- The Washington Times - Wednesday, January 8, 2003

BRUSSELS, Belgium, Jan. 8 (UPI) — The European Commission on Wednesday ordered Germany to slash its ballooning budget deficit or face the prospect of multi-billion-dollar fines in an attempt to bolster the EU's sluggish growth rate and shore up confidence in the rules underpinning the euro.

Under the bloc's "growth and stability pact," eurozone members are legally bound to keep public debt less than 3 percent of gross domestic product and to keep government debt to below 60 percent of GDP.

States that fail to do so can be fined up to 1 percent of their GDP, though few analysts expect the European Union to plump for that option.

The EU's powerful executive body said Germany's government deficit was likely to hit 3 3/4 percent of GDP, clearly exceeding Berlin's treaty-bound pledge.

The EC also predicted that government debt would breach the stability pact ceilings by a small margin.

The EU's economist in chief, Commissioner Pedro Solbes, told reporters the deficit registered by Europe's largest economy in 2002 "did not result from an unusual event outside the control of Germany, nor did it result from a severe economic downturn."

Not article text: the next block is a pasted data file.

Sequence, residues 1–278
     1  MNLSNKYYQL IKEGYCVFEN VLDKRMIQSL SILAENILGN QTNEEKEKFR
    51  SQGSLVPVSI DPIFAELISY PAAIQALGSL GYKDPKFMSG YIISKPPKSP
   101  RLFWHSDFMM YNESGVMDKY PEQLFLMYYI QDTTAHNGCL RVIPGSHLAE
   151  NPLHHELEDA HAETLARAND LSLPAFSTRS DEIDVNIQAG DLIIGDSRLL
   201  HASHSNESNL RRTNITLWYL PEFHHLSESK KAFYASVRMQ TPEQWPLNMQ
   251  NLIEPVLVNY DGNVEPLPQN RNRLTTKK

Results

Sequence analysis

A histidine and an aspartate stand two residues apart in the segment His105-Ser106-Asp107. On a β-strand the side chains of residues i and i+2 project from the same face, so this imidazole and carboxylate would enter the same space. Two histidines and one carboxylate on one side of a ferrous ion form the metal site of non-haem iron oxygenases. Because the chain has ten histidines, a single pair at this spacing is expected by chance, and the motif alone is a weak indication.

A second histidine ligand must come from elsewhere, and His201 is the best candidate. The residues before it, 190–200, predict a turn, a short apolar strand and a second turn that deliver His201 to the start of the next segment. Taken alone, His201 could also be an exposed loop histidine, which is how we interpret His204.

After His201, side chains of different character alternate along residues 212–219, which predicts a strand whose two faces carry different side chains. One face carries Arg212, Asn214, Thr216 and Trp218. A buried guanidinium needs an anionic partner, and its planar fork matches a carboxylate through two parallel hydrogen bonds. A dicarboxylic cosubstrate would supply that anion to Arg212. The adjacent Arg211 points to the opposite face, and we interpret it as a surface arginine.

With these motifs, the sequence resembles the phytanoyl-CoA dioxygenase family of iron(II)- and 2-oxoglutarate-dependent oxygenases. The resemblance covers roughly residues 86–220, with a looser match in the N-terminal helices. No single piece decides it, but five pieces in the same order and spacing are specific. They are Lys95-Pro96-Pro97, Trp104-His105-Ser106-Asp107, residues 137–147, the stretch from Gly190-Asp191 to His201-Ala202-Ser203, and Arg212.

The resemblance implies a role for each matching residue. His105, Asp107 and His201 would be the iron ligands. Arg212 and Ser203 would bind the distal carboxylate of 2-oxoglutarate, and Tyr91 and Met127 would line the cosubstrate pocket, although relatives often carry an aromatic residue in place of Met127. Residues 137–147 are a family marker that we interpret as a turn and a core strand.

Instead, the former Spanish minister pointed the finger of blame at Germany's "very low growth potential," which he said resulted from over-rigid labor markets and burdensome regulations.

Chancellor Gerhard Schroeder has promised to reduce his country's government deficit to 2 3/4 of GDP by the end of 2003. However, this is based on growth rate of 1.5 percent — a figure the commission believes is a full percentage point above forecast rates.

The commission's criticism is likely to be viewed as a severe embarrassment for Berlin, which insisted on strict rules to make Eurozone states balance their books when the growth and stability pact was drawn up in the late 1990s.

The reprimand, which is expected to be backed by European Union finance ministers later this month, also comes at a testing time for Schroeder, who is facing the likelihood of a winter of public sector strikes.

Germany was not the only country to be rapped over the knuckles by the Brussels-based EU executive Wednesday.

The French government, which was warned in November, was told it hovered close to the 3 percent ceiling in 2002 and was in danger of breaching the limit in 2003 unless it cut expenditure.

Italy was also instructed to take steps to reduce its growing budget deficit and cut government debt, which reached a 110 percent of GDP in 2002.

Solbes' tough message was aimed at strengthening the stability pact, which commission President Romano Prodi described as "stupid" in a newspaper interview last year.

The economic affairs commissioner insisted the 3 percent threshold remained "untouchable."




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